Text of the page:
And having thus spoken, M. d’Asterac pushed us inside the pavilion, where between MSS. strewn all round was seated in a large arm-chair an old man with piercing eyes, a hooked nose, and a couple of thin streams of white beard growing from a receding chin; a velvet cap, formed like an imperial crown, covered his bald skull, and his body, of an inhuman emaciation, was wrapped up in an old gown of yellow silk, resplendent but dirty.

Right piercing looks were turned on us, but he gave no sign that he noticed our arrival. His face had an expression of painful stubbornness, and he slowly rolled between his rigid fingers the reed which served him for writing.

“Do not expect idle words from Mosaïde,” said M. d’Asterac to us. “For a long time this sage does not communicate with anyone but the genii and myself. His discourses are sublime. As he will never converse with you, gentlemen, I’ll endeavour to give you in a few words an idea of his merits. First he has penetrated into the spiritual sense of the books of Moses, after that into the value of the Hebrew characters, which depends on the order of the letters of the alphabet. This order has been thrown into confusion from the eleventh letter forward. Mosaïde has re-established it, which Atrabis, Philo, Avicenne, Raymond Lully, P. de la Mirandola, Reuchlin, Henry More and Robert Flydd have been unable to do. Mosaïde knows the number of the gold which corresponds to Jehovah in the world of spirits, and you must agree, gentlemen, that that is of infinite consequence.”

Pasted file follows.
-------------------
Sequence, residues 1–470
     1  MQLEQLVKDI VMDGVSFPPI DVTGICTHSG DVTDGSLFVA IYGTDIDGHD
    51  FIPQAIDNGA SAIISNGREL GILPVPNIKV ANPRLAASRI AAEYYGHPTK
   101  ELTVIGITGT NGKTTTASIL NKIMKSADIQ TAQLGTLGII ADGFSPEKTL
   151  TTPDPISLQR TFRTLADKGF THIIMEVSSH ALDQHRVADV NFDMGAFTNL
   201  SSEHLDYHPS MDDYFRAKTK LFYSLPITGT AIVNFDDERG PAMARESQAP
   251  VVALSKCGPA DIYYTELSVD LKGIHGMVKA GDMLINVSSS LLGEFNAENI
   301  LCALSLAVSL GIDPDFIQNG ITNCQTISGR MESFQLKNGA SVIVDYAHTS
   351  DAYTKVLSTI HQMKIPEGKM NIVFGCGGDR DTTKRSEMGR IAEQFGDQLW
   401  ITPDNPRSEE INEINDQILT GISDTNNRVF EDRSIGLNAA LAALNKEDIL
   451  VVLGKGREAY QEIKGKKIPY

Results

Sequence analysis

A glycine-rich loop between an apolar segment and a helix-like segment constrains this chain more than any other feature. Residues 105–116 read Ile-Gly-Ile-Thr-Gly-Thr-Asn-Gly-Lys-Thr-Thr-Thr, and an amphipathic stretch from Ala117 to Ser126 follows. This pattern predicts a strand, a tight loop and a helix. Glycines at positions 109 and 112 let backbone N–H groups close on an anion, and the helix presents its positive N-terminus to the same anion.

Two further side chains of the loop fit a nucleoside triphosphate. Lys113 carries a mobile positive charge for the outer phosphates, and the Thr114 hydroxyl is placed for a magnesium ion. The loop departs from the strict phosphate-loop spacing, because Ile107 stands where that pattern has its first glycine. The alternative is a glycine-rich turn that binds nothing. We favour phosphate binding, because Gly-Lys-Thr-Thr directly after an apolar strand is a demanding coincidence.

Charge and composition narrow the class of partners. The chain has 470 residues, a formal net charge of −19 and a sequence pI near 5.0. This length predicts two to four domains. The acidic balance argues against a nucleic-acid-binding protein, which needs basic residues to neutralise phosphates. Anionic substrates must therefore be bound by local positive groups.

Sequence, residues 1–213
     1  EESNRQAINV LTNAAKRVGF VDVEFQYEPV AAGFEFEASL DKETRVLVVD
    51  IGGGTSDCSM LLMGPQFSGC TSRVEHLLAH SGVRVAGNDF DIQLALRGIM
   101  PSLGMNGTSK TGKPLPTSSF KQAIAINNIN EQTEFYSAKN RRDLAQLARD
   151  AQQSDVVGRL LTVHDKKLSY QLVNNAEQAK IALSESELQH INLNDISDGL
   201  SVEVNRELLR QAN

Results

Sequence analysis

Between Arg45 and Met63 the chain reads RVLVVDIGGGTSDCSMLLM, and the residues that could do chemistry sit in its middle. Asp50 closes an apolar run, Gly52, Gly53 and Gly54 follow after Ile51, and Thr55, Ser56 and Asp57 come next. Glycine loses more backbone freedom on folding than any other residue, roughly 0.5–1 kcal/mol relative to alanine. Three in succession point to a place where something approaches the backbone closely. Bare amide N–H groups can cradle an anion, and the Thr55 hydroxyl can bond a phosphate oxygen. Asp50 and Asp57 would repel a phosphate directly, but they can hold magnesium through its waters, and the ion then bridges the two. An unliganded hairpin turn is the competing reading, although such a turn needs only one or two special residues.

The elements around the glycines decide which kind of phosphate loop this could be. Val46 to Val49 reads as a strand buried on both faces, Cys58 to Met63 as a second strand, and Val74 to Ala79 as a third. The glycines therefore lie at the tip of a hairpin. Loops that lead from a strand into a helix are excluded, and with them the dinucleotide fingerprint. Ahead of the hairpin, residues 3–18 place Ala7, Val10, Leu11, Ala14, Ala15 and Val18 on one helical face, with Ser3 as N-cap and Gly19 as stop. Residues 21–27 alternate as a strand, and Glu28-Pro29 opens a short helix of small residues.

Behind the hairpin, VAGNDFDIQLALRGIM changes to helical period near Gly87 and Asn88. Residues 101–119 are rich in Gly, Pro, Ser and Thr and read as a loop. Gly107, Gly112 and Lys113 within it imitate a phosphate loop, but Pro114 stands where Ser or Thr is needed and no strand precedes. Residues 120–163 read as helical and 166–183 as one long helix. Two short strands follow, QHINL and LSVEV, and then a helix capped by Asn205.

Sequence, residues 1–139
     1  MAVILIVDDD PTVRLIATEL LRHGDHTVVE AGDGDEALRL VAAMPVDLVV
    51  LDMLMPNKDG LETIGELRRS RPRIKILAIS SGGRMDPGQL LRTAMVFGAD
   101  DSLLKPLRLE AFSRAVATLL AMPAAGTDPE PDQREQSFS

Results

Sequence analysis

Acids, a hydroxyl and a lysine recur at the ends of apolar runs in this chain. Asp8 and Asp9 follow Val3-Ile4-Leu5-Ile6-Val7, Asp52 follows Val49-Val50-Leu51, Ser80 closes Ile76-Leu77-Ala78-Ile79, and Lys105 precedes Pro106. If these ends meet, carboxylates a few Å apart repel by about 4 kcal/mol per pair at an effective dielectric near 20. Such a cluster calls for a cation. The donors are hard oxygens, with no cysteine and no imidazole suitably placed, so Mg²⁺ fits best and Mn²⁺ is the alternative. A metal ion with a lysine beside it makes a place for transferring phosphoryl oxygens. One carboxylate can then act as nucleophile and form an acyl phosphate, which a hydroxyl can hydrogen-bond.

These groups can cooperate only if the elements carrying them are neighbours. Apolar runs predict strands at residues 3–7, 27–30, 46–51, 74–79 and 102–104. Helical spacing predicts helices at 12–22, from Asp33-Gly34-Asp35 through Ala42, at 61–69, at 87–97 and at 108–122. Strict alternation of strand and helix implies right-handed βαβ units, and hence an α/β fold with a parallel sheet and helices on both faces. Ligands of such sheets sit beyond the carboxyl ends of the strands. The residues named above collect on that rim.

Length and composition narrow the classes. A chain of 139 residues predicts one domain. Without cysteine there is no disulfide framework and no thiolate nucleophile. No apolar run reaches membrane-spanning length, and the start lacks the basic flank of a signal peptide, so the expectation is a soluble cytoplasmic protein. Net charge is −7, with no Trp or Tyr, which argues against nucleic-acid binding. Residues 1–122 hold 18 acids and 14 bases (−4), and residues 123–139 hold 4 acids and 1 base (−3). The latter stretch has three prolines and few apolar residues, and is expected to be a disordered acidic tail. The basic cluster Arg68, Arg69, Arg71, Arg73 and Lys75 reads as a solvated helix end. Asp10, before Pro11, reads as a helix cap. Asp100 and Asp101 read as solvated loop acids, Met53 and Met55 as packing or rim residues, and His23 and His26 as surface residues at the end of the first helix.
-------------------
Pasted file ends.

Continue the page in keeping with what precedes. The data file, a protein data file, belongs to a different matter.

My dear tutor took his snuff-box in hand, presented it civilly to us, took a pinch himself and said:

“Do you not believe, M. d’Asterac, that this sort of knowledge is the very kind to bring one to the devil at the end of this transient life?

“After all, this sire Mosaïde plainly errs in his interpretation of the Holy Scriptures. When our Lord expired on the cross for the salvation of mankind the synagogue felt a bandage slip over her eyes, she staggered like a drunken woman and the crown fell from her head. Since then the interpretation of the Old Testament is confined to the Catholic Church, to which in spite of my many iniquities I belong.”

At these words Mosaïde, like a goat god, smiled in a hideous manner, and said to my dear tutor, in a slow and musty voice sounding as from far away:

“The Masorah has not confided to thee her secrets and the Mischna has not revealed to thee her mysteries.”